ARC Review: The Empty Hourglass (Cornelia Grey)

I have been a fan of Cornelia Grey’s works for few years now, ever since I read her short story for the first time back in 2011. Over the years, I have loved all of her books and was overjoyed when she finally released her first novel back in 2014. This would be her second, clocks in around 69k, another entry in her Deal with a Devil series). It can be read as a stand-alone, though, because the only similarity coming from these series is the devil, Farfarello.

In The Empty Hourglass , Thomas is a toymaker who lost his hand after an accident destroyed his laboratory. He comes to the city of Montrale, where the reclusive Jethro Hastings lives. Jethro is said to be the best prosthetic inventor and Thomas wants to ask Jethro to make one for his hand….

Unfortunately, this will be my first experience where I completely underwhelmed with the story. In fact, I have to be honest and say that this is my least favorite of Grey’s. I think my biggest problem with it was the fact that the story was written from Thomas’ perspective, and for once, he wasn’t the one making the deal with the devil. I didn’t feel the urgency — that intense situation of one facing the end of his days, of losing his soul to the devil. In that sense, I felt like nothing ‘big’ happened in the book and I kept waiting and waiting … and waiting.

I also found Jethro to be rather defeatist as a character, and maybe I would’ve liked him better if he was given his own POV in the book so he could ‘fight’ for his case, so to speak . For example, the background of him making deal with Farfarello, the part with Stefan, that was rather wasted because it was only mentioned during the time of needs, not before.

I guess I couldn’t agree more with Farfarello when he said this:

“You are screwing everything up! I swear, in centuries I have never had so much trouble. Time is running out! Why won’t you two just do what you’re supposed to?”

It was not a very good sign where I found secondary character, like Mina the ghost, and Dragana the blind inventor, to be more intriguing rather than Jethro as (supposedly) love interest of Thomas. Heck, I wouldn’t exactly call him love interest too because if you’re looking for romance, it was pretty lackluster.

So yes, this was a meh read for me and I couldn’t fully recommend it if you’re a newbie of Cornelia Grey’s works. She has other things that are way better. One that I always happily recommend will be (currently out of print) Benjamin Pepperwhistle and the Fantabulous Circus of Wonders

RATING: 2.5 out of 5
25stars

 

The ARC is provided by the publisher via Netgalley for an exchange of fair and honest review. No high rating is required for any ARC received.

 

BOOK INFO:

28807548Title: The Empty Hourglass
Author: Cornelia Grey
Genre: Steampunk Fantasy
Word Count: 69,100
Publisher: Anglerfish Press (a Riptide Publishing Imprint)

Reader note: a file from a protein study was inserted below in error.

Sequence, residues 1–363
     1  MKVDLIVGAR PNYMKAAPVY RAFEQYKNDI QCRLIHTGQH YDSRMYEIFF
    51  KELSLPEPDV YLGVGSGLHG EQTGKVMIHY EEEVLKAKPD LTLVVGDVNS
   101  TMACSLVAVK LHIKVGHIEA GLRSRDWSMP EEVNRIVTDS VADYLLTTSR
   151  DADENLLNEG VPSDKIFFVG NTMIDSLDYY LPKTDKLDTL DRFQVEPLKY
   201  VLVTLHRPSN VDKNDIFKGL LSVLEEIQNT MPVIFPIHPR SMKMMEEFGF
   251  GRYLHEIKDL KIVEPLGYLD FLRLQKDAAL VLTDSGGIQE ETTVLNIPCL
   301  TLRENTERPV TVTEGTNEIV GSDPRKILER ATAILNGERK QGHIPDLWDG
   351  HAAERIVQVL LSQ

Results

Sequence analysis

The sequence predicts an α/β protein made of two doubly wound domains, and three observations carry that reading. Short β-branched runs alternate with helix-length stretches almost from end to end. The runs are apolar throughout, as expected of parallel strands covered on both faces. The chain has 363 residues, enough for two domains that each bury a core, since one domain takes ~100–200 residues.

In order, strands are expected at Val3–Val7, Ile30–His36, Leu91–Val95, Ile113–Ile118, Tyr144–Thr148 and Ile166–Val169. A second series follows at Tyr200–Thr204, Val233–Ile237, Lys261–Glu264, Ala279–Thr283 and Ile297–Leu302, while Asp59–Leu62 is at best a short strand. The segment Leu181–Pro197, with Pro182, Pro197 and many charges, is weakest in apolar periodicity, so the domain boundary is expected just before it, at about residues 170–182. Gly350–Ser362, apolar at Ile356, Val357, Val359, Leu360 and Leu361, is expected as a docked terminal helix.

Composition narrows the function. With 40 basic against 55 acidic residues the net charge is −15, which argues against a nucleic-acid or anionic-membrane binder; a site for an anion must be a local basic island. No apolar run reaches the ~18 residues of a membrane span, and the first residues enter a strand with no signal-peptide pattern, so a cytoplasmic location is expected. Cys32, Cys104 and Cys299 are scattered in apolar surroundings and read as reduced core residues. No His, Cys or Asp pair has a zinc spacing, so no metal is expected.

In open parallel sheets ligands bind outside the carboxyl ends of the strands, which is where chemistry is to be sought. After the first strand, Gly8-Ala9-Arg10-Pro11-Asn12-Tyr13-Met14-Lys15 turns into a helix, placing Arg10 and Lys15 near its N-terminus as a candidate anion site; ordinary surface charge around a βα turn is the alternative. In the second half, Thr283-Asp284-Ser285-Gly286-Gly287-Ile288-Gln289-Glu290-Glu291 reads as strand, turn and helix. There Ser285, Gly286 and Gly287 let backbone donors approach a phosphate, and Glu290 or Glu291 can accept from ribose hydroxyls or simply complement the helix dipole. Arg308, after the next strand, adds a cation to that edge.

Release Date: April 11, 2016

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ARC Review: A Gentleman’s Position (K.J. Charles)

A Gentleman’s Position is the last book of K.J. Charles’ outstanding Society of Gentlemen trilogy; this time bringing the happy ending to Lord Richard Vane who is in a sense the patron of the Ricardians and his loyal valet, redhaired David Cyprian. For the past 4.5 years, David has been harboring sexual attraction towards Lord Richard, without completely knowing that the feelings are mutual. The intimate setting of a valet and his master just adds the delicious tension between the two men.

While in the first two books the historical context of Cato Street Conspiracy plays a significant role in pushing the other couple together, A Gentleman’s Position has rather different situation. The book primarily sets after the event that puts Silas Mason into Richard’s household; thus there aren’t really any urgent matters that Richard or David as his right arm have to deal with, at least until halfway of the story. Because of that, readers are initially treated with the passionate push and pull between Richard and David — especially after our foxy is bravely admit his feelings first. In which that nitwit Richard rejected due to his firm stance over relationship across social classes, between the privileged and less privileged.

I swear, I spent a number of times fuming over Richard and the giant stick up his ass!! This is probably why I will never be a good candidate for the upper classes. I am not good in following those unwritten rules about being a good gentleman (or in my case, lady). Of course, Richard’s situation is added to the fact of forbidden punishable relationship of that era regarding sodomites, but still, his views and values regarding the working class are too rigid and too narrow-minded. I was very proud of David, though, for reminding Richard that not being a gentleman doesn’t mean that he isn’t worthy. You GO, David!

As always, Charles’ writing is excellent. The second half of the book felt like a suspense thriller, with our gentlemen with David’s help trying to find a way to save few of their members from threats of blackmail and accusation of sedition. It was highly engaging and I couldn’t take my eyes off of it. It’s a wonderful and satisfying ending to the trilogy. Although I won’t mind if Charles offers updates about these characters in the future; short Christmas codas maybe? *laugh*

RATING: 4 out of 5
4stars

 

The ARC is provided by the publisher via Netgalley for an exchange of fair and honest review. No high rating is required for any ARC received.

 

BOOK INFO:

25893424Title: A Gentleman’s Position
Author: K. J. Charles
Genre: MM Historical Romance
Length: 246 pages
Publisher: Loveswept
Release Date: April 5, 2016

ARC Review: Knit Tight (Annabeth Albert)

Knit Tight is the fourth installment in Annabeth Albert’s Portland Heat” series. If you haven’t read the previous books, no worries, each title can be read separately.

Sometimes, it is difficult to completely love a story when it feels unbalanced — e.g. you love one character but dislike the love interest. As in the case with this one. It was easy for me to love Brady the barista whom at relatively young age must takes care of his younger siblings. I found him to be such a nice guy, reliable, and mature.

On the other hand, I couldn’t warm up to Evren. It wasn’t even about his kink (he didn’t like anal or skin on skin sex, too messy) because as an asexual I can relate to not prioritizing sex above all else, penetration or otherwise, but it was more about him keeping Brady on arm’s length. The relationship between the two of them felt one sided.